The point is that we are to respond both to creation and to God not after the manner of need but of true delight. It is bound up with the very idea that God is complete in Himself, that He need not create anything, that if anything besides God does exist, it does not change God. We exist then not out of a need God had for anything, as if He lacked something, but out of His superabundance. And if God alone is “serious,” it can only mean that He does not lack anything including our praise or worship. Yet, this is why we exist. We are the creatures who exist to acknowledge in the universe the glory of God in itself, for its own sake. The completion of the universe in some sense includes this chance that the free creature will recognize what is not himself, will recognize God and respond to Him simply because of what He is.
The difference between ourselves and Plato is largely due to the fact that, with revelation, we have been given the proper way to express an appropriate worship of God. This is what the Mass is all about. It is that worship for its own sake because of the Incarnate God who offers this Sacrifice in our name, in our presence. Moreover, the word “serious” when applied to God does not imply a lack of delight and joy. It is in fact to be surrounded by music and song. But also it implies an accurate knowledge of God. Our worship has and must have an intellectual component. This is why the Church insists that we recite the Creed each Sunday, the Creed which begins “Credo in unum Deum. . . .” “I believe.”
The two words “leisure” and “culture” have curious meanings and origins. There is a famous discussion in Aristotle about health and the activities of health. He asks, in effect, what is the difference between what a doctor does and what a healthy man does? The point can be made indirectly. When a man is not healthy, he sees the doctor to help him become healthy. The doctor does not decide what it is to be healthy. But beginning from not being healthy, he decides how to restore us to health. Once we are restored to health, we have no desire or need to see the doctor, ever again. So the activity of the doctor has a natural limit or purpose, namely, what it is to be healthy, something the doctor does not constitute but only serves. If a doctor wonders about whether he should aid us in becoming healthy, he ceases to be ruled by the end of medicine and becomes a danger to all of us.
But once I am healthy, what do I do? What are the “activities” of health? We can only answer such a question by knowing what we are. The specialist in what to do once we are healthy is not the doctor. True, we can exercise, diet, brush our teeth daily in order to remain healthy, but these are not the activities of health. In short, all those activities or professions that are primarily geared to keeping us healthy or in being, worthy as they are, are not what we represent. I revert back to the word “strain” that Aristotle used when he told us to use every faculty we had to know as much as we could about the highest things, about what is, even if it be little.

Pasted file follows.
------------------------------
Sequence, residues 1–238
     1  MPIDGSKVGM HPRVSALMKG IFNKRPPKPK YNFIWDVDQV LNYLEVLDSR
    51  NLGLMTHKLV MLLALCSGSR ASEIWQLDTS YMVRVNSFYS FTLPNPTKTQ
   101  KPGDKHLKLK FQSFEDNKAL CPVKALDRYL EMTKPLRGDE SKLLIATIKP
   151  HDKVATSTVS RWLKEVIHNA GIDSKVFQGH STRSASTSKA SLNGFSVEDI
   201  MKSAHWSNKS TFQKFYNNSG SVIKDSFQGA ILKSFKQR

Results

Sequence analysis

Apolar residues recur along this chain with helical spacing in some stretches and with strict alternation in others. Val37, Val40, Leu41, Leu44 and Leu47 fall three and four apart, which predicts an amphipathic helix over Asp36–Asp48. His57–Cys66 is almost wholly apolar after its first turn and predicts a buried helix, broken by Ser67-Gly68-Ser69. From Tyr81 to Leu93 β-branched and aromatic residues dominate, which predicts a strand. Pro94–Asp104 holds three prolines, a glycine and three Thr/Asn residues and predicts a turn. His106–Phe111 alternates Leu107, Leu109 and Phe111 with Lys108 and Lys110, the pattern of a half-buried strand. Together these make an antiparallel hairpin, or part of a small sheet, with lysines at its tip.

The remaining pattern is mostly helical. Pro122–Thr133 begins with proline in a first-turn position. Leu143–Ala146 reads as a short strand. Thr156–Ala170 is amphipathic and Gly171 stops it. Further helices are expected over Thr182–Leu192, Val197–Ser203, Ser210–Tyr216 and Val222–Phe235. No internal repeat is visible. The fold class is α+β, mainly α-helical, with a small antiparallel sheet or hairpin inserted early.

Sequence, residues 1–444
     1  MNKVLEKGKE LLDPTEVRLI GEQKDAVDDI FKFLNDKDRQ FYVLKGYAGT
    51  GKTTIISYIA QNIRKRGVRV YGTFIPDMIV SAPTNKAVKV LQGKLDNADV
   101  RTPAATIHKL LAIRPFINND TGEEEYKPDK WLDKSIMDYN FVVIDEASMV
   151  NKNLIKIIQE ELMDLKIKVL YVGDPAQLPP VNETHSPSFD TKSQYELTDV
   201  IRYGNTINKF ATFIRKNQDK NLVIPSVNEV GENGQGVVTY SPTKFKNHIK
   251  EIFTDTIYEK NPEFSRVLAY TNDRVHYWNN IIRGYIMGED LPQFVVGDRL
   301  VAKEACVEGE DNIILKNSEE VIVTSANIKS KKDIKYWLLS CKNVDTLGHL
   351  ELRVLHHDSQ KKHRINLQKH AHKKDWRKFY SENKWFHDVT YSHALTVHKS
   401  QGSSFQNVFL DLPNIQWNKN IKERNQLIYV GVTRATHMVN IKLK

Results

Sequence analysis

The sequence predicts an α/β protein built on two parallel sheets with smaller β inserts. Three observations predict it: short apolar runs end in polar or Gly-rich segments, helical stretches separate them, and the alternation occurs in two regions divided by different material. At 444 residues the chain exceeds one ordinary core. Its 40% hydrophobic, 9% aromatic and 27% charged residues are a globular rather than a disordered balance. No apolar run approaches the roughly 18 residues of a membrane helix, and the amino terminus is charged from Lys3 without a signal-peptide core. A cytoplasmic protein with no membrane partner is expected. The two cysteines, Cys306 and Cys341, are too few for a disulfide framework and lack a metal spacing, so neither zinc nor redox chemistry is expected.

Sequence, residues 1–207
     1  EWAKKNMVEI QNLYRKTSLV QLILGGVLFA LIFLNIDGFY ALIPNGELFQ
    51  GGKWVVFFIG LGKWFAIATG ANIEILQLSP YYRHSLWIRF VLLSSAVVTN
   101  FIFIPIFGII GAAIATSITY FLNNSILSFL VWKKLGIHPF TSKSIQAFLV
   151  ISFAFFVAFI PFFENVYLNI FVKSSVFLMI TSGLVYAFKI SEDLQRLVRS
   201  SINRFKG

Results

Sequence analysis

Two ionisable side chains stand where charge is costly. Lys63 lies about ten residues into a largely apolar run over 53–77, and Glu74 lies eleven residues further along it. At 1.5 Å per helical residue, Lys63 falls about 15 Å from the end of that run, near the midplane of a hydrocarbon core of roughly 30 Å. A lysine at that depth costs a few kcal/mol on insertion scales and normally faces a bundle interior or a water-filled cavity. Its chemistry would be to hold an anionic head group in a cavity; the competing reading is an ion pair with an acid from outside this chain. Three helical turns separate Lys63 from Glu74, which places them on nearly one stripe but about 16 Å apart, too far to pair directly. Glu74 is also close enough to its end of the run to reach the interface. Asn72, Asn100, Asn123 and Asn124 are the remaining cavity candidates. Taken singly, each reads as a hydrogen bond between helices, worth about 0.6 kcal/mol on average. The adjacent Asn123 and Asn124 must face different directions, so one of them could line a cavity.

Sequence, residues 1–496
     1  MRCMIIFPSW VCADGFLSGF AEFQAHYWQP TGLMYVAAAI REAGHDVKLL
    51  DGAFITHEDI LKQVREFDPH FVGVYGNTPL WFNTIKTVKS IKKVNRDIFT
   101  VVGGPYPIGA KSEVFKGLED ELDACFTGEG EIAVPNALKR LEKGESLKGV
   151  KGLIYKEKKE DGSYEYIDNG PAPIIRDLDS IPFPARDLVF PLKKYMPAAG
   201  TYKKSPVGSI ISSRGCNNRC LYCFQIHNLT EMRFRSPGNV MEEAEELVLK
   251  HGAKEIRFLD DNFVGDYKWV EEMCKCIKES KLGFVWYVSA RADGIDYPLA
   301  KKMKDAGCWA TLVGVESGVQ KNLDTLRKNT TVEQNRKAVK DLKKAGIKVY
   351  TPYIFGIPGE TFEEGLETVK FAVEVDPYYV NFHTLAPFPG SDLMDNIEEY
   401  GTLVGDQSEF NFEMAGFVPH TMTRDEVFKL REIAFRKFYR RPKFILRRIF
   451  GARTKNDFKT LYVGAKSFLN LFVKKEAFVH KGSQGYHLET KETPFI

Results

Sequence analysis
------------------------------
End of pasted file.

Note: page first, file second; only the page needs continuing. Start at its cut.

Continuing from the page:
What is leisure about? Essentially, it is about knowing, and knowing the truth, “to know of what is that it is, and of what is not, that it is not,” to cite Plato. In an old Peanuts, we see Charlie on the mound. He is earnestly looking at Lucy wearing what looks like an oversized baseball cap. She tells him, “Does this look all right? I’ve got the ball under my cap. I’m pulling the old hidden ball trick!” As Lucy walks away, we see Charlie on the mound yelling at Lucy who has a frown on her face, “How are we going to start the game if you have the ball under your cap?” In the final scene, Lucy turns around angrily to shout back at Charlie, “Do I have to think of everything?” I suppose the proper answer to this exasperated question of Lucy is, “No, but you can think of anything.” This is precisely the Aristotelian definition of intellect: the capacity to know all things, to know what is. But it is not necessary that we think of everything, but we can, we have the capacity to do so. What we lack is time and opportunity—which just may be why we are given eternal life. “Thinking of everything,” especially the highest things, is precisely what we are about, even in this world.
But we are not just “thinking machines,” not just disembodied spirits. Every truth can have a reflection in our world, in this world within our own minds. We often forget that there is a pleasure also in just knowing, for no other reason than that we want to know something, to know its truth. We are indeed the lowest of the spiritual beings; we have to know first by knowing through material things. But we do know this way. And our knowing of things not ourselves is part of the “redemption,” as it were, of those things that have no intelligence, and even more so of those that do. We want to know most of all other persons, other spiritual beings precisely in their inner souls. We have a suspicion that we do not fully “exist” until we too are fully “known.”